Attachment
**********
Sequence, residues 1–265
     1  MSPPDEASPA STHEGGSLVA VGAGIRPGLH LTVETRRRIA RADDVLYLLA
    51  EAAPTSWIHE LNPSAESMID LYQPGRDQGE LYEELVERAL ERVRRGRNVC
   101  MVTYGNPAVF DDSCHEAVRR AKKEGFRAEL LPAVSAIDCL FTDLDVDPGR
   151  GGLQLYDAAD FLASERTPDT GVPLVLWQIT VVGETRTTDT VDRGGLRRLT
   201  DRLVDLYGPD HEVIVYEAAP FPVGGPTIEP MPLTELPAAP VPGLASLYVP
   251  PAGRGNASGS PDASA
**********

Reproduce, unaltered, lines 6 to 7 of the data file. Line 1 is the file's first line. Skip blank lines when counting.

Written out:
   201  DRLVDLYGPD HEVIVYEAAP FPVGGPTIEP MPLTELPAAP VPGLASLYVP
   251  PAGRGNASGS PDASA